Autistic boy, 11, who 'taught' himself under a tree, is doing well at school after fundraising effort

Siboniso is happy at his new school. (Angel Network)
Siboniso is happy at his new school. (Angel Network)

An autistic boy is doing well at school after South Africans reached into their pockets to fund his education through a crowdfunding platform.

Siboniso, 11, did not attend school because of the cost and spent his days under a tree in KwaNyuswa, 170km south of Durban in KwaZulu-Natal.

However, by Thursday morning, a BackaBuddy campaign had raised R77 079.29 on a target of R40 000 to facilitate his attendance at a special needs school in his area.

READ: Autistic boy, 11, will finally be going to school after 'teaching' himself under tree

Non-profit organisation The Angel Network created the campaign to ensure that Siboniso was afforded an education.

"I'd never met him. He's based in KwaZulu-Natal. We put it on Facebook on our page and we started getting R10 000 to R20 000," Angel Network founder Glynne Wolman told News24.

She said the donations increased once online media platforms reported his story.

The money is carefully managed to ensure that Siboniso's needs are met.

'Dearest soul'

"He goes to school on Monday and goes home on Friday. There's more than enough money to cover school, stationery and transport," said Wolman.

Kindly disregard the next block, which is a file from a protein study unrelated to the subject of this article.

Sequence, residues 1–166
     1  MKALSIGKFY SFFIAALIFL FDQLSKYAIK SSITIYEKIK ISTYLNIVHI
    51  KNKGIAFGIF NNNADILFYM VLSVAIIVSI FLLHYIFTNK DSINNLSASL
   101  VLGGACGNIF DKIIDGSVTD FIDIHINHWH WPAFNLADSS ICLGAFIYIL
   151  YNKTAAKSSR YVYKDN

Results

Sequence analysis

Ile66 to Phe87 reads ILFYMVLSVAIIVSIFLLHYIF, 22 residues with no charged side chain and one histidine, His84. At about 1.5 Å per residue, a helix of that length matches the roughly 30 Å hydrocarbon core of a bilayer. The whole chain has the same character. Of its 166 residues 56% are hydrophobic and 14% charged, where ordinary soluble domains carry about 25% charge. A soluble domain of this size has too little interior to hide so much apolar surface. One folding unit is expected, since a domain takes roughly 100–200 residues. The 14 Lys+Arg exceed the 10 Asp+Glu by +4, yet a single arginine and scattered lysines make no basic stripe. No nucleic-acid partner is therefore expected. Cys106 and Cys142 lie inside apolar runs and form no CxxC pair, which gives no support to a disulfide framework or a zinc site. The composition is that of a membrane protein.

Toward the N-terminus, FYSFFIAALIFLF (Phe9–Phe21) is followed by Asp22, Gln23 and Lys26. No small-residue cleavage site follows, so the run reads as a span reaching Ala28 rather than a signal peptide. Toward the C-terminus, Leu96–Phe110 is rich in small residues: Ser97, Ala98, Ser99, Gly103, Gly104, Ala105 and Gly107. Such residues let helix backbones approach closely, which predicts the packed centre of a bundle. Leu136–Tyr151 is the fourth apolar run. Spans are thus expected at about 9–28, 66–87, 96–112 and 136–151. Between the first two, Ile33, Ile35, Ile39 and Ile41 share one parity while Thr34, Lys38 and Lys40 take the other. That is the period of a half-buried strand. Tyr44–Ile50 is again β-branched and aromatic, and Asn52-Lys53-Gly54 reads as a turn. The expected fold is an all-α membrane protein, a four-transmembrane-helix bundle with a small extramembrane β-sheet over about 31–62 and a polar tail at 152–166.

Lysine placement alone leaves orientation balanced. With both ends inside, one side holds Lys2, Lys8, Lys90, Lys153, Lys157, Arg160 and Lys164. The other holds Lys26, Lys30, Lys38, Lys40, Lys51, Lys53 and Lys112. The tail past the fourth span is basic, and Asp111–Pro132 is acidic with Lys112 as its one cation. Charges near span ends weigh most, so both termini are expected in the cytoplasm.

Dawn Harrison deals with children who have learning disabilities and manages Siboniso's funds.

"He's only been at school for five days. There'll be no academic progress as yet," she told News24.

"He initially refused to go to the dining hall in the evening, but he is settling down well. The teacher loves the boy; he is the dearest soul."

The crowdfunding model has shown to be effective in driving donations to needy causes and BackaBuddy has put systems in place to prevent abuse of the platform.

Chief operating officer Catherine Du Plooy told News24 that BackaBuddy offers to manage funds on behalf of the campaign creators, and pay institutions in the case of student campaigns, of which there are many.

"For this reason, we offer the option to manage funds for our campaign creators and pay universities and other relevant intuitions directly to ensure donor peace of mind when supporting students. BackaBuddy-assisted campaigns also tend to raise more funds," she said.


In 2018 alone, more than R35m was raised on BackaBuddy and more than 1 800 new crowdfunding campaigns were launched.

The platform has raised R89.2m in total.

Some of the new student campaigns include aspiring engineer Brighton Manaba, 22, and Miselwa, whose friend Luntu Masiza created the campaign after she was suspended from AFDA for outstanding fees four months before finishing her degree.

"Campaigns usually raise more funds if driven by close family members or a friend who is passionate about the beneficiary and what they are trying to achieve," Du Plooy added.

*CORRECTION: A previous version of this article said Luntu Masiza was one of the students campaigning after being suspended for outstanding fees. Masiza is in fact a campaign creator on behalf of friend, Miselwa. We apologise for the error.

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